Relationships vary in degree. It’s a truth not many of us are willing to be too open about, but it’s a truth nonetheless. Some people we find easier to talk to than others, and nothing much can change that.

There are those who we’re supposed to know, so we keep up the superficial “hi”s and half-hearted waves for the sake of politeness. Sometimes when we feel disgruntled for one reason or another, we don’t even bother acknowledging their presence. Years from now, you probably won’t even remember their names nor the finer details of their faces.

Then there are the “acquaintances”. We’ve had a chat or two with them — the topic usually being something on the weather or that one upcoming test. They’re brief affairs — both parties are eager to terminate the painfully routine and shallow conversation. However, the possibility of a friendship forming and blossoming from this stage onwards always exists. The reverse is true as well — the pair might find that they dislike each other’s styles and personalities, making the prospect of a true friendship a distant possibility.

Next come the people we are genuinely comfortable in the presence of. For some, classmates, group mates and CCA mates fall under this category. Having spent at least a small part of your regular school life together with them, you’ve become familiar with their characters, idiosyncrasies and quirks. That’s not to say things will be all bright and dandy when you are thrown into a one-to-one situation — it usually turns awkward pretty fast, with both of you desperately trying to find any topic to talk about. Silence is feared like the plague, and any lapses in chit-chat are accompanied by a nervous shifting of the feet or an adjustment of the bum you rest on.

On the other hand, the sheer abundance of counter-examples possibly renders the argument baseless. With some people, conversation flows incredibly well, and when it’s over, you find that you have unknowingly enjoyed yourself to a great extent. “Clicking well” is what it’s commonly termed as. Certain individuals find it hard to “click” much with other people in general, while others less so.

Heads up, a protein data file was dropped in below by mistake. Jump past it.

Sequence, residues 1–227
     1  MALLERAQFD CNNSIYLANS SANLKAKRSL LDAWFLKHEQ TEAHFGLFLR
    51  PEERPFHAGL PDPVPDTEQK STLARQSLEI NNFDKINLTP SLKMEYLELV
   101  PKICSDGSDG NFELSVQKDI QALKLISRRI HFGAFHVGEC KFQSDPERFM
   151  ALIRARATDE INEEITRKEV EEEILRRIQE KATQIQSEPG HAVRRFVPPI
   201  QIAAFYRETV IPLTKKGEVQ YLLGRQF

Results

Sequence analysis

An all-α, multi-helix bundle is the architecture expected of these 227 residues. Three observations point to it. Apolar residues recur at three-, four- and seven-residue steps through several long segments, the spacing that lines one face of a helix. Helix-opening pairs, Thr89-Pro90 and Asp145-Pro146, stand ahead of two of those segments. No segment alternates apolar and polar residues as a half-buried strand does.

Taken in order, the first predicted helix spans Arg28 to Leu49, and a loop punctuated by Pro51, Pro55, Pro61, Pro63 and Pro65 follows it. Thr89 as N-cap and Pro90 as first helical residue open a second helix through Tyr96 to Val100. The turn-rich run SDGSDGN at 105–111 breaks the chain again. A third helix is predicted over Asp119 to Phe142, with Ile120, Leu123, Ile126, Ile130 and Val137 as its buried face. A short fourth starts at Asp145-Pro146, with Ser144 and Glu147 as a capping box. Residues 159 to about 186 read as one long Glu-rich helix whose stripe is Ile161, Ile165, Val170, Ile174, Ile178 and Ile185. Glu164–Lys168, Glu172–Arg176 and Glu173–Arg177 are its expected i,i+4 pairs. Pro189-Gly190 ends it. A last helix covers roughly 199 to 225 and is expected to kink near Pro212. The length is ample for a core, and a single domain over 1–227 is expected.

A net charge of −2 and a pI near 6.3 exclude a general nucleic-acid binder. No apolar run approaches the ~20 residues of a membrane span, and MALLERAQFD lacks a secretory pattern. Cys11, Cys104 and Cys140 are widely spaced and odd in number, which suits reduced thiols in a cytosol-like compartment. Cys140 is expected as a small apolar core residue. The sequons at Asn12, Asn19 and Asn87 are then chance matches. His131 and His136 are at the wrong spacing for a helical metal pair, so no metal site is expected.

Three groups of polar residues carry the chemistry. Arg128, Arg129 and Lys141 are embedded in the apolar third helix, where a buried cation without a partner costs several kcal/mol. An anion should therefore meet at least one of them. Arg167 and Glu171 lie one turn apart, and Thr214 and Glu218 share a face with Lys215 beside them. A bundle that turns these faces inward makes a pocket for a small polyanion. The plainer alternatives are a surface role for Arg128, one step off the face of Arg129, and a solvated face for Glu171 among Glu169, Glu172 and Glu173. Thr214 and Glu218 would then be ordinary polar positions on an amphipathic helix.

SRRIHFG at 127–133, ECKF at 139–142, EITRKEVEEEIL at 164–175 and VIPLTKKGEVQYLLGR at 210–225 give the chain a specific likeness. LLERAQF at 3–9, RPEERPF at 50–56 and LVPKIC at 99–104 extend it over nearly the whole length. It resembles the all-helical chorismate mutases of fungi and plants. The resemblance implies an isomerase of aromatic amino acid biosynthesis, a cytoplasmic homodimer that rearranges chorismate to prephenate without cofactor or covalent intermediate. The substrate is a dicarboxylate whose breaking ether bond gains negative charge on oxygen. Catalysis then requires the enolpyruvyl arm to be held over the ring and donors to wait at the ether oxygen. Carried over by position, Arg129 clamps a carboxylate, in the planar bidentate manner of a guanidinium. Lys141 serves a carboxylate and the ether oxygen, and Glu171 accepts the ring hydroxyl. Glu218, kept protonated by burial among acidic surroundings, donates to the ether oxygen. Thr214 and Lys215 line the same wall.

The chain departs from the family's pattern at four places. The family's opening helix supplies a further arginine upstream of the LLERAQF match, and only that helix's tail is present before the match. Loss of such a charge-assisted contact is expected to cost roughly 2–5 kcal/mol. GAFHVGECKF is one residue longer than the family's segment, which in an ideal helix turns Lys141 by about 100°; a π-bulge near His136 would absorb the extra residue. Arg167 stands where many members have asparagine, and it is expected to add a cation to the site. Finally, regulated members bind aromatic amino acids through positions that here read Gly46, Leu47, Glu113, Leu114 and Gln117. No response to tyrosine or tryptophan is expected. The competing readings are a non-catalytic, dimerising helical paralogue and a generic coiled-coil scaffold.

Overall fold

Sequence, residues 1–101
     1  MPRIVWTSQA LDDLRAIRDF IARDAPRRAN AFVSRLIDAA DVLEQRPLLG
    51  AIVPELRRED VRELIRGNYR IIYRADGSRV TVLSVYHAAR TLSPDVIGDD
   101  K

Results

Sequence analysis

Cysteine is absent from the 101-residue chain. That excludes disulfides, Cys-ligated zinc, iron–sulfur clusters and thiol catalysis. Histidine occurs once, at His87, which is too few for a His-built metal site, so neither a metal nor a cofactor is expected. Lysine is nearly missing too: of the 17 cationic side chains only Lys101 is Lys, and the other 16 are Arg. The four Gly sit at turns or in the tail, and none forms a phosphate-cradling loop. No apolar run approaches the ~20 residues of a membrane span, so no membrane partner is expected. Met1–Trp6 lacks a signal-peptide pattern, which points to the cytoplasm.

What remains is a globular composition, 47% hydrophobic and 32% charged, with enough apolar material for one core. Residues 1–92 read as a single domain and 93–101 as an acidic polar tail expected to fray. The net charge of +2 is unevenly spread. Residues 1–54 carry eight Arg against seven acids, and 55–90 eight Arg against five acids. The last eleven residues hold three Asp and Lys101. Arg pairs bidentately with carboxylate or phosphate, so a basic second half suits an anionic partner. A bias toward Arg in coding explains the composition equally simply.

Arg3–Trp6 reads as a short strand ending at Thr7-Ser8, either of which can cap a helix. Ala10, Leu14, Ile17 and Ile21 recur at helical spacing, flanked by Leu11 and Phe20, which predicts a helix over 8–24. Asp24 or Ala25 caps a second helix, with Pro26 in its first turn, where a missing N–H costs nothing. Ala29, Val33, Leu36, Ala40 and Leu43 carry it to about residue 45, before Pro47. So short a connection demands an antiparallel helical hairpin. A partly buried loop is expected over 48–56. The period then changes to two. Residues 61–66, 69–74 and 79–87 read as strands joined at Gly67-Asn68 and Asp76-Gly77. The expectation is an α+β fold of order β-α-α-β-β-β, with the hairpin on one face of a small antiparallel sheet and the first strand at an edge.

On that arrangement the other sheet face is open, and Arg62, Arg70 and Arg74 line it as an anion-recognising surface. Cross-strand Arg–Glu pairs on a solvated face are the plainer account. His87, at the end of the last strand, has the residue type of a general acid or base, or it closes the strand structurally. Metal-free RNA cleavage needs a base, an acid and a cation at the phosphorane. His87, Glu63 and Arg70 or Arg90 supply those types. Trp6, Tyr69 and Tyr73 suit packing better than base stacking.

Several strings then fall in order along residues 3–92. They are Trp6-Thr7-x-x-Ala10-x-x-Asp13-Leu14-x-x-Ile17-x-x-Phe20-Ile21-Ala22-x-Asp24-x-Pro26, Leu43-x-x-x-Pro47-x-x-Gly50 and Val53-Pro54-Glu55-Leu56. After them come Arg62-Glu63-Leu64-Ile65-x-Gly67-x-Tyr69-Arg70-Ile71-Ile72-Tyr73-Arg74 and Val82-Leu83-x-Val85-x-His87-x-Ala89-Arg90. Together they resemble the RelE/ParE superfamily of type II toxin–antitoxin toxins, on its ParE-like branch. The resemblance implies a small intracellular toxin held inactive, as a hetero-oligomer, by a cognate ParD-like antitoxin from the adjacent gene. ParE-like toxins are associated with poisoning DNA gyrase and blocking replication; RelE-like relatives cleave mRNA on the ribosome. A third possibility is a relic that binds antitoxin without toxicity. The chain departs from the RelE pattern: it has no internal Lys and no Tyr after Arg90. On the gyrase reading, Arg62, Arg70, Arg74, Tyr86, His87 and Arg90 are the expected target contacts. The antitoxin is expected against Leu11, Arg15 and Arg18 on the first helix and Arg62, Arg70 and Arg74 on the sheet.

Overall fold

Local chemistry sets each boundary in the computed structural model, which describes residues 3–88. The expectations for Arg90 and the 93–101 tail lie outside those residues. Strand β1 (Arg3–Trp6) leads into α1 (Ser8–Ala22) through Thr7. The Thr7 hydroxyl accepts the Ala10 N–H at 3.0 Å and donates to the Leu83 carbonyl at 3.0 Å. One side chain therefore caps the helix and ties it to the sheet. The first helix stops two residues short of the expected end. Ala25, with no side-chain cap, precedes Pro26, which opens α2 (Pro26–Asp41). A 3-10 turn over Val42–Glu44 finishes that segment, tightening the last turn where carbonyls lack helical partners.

And finally, our true friends. How sweet is their company, how reenergising their presence? Our troubles and tribulations, our innermost desires and innermost fears — who else do we turn to? Intellectual companion or fellow rebel, comrades in battle or gossiper-in-arms — they take up a myriad of roles to satisfy the debater, scholar, or enthusiast in every one of us.

When all we want is an attentive listening ear, when all we need is a comforting shoulder — we go to them.

Ultimately, if we were given a chance to rate everyone we knew on a scale of one to ten based on how “close” we were to each person, a rough pyramid will materialise in no time. We will find that at the end of it all, the people we will actually keep in contact with after graduation are a select few.

Faced with this harsh truth, one can choose to do one out of two things — continue mingling with those you are close to, or step out of your comfort zone to forge new bonds.

It’s not easy. With new people come new behaviours to adjust to, new tones of conversation to adapt to. You might find your judgemental side rearing its ugly head when your new friend starts to open up, and sometimes you might even get involuntarily offended by some of his innocuous habits — the way he always steps on your shoe might keep “triggering” you for example. Nevertheless, after making conscious efforts to talk more to the person and to get to know him or her better, you will find yourself a step ahead from where you were before — you now have a brand new perspective to draw from; a whole different way of looking at the world just a casual phone call away.

You will find that you have gained knowledge in areas you have never cared to explore before, and, through the influence of your newfound friend, might even get involved in it yourself.

The possibilities are endless.

At the end of the day, it’s really up to the individual. Vaulting over the hurdle of initial awkwardness to access a whole new mind, or choosing to keep having fun with the same old people, the mind stagnating to become less diverse and empathetic.

If you’re really just a combination of the people you are closest to, wouldn’t you much rather be composed of a plurality than a singularity?

—Anonymous

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